Before I was immersed in studying painting in college, I made quite a few acrylic paintings in high school. This piece was part of a series I made where I played around with using color to convey different moods. As you can see here, I used cool colors to convey a somber tone. I also painted the background a dark color that I lightened up a bit by painting a thin layer of white paint over it.
I made this oil pastel self portrait drawing during my sophomore year of college. At that time, I was taking quite a few studio art classes. It’s also around the time I decided that I was going to pick up art as a double major, instead of just minoring in it.
I really enjoyed working on the face and eyes for this piece, although the hand was a bit of a struggle. I thought it was fitting to share a piece from my past, to illustrate how much your work can change and develop over time. Your work won’t always be “perfect” or turn out the way you’d like it to, but each new work of art you make will help you grow a little more as an artist.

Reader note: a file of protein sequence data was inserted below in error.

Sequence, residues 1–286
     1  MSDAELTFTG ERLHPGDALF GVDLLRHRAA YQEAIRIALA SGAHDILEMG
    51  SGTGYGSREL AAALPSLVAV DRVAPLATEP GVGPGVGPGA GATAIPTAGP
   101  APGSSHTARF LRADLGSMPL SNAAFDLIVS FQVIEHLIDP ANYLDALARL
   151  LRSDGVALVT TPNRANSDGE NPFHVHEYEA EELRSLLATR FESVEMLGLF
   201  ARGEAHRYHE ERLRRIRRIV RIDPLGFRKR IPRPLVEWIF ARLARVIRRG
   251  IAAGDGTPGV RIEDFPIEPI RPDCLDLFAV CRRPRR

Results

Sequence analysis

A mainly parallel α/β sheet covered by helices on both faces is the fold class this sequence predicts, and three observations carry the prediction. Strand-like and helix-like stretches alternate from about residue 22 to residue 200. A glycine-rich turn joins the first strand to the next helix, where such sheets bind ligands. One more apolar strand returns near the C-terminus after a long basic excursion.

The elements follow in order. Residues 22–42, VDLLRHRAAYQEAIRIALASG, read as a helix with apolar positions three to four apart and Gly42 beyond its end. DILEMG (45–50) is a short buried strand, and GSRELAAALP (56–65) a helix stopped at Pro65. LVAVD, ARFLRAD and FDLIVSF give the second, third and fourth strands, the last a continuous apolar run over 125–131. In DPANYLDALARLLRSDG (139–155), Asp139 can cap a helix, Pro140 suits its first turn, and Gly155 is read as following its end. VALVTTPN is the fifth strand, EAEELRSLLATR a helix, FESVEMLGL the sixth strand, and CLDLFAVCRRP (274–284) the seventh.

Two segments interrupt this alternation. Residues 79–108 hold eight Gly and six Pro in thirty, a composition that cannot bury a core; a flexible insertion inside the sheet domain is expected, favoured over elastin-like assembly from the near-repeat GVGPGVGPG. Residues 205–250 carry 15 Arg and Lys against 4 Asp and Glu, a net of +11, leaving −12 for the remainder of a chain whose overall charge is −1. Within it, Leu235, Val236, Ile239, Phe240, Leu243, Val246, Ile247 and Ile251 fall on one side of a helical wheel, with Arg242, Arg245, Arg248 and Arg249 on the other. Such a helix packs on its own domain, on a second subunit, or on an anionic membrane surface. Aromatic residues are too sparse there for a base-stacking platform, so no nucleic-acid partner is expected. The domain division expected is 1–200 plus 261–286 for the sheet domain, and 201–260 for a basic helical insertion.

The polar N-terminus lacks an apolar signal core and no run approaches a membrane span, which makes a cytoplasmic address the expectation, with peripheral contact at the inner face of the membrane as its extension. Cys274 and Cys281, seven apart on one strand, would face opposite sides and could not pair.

I made this charcoal drawing during my sophomore year of college. At the time, I was taking quite a few studio art classes, and often stayed at the studio pretty late working on artwork. Still life has always been a subject matter I’ve struggled with, simply because I haven’t found it to be all that exciting (I was more interested in figurative artwork or animal portraits). I thought this particular still life was a little unusual since it involved an animal skull, instead of the usual bowl of fruit or empty kitchenware. I also enjoyed working with charcoal since it can get pretty messy, which keeps things interesting.
Back in college I kept a few sketchbooks where I’d work on studies of various subjects. This color pencil drawing is from one of those sketchbooks, when I was studying different expressions for my upcoming series of collage portraits for my senior thesis. I was also playing around with different color schemes, which is why this is done with cool colors.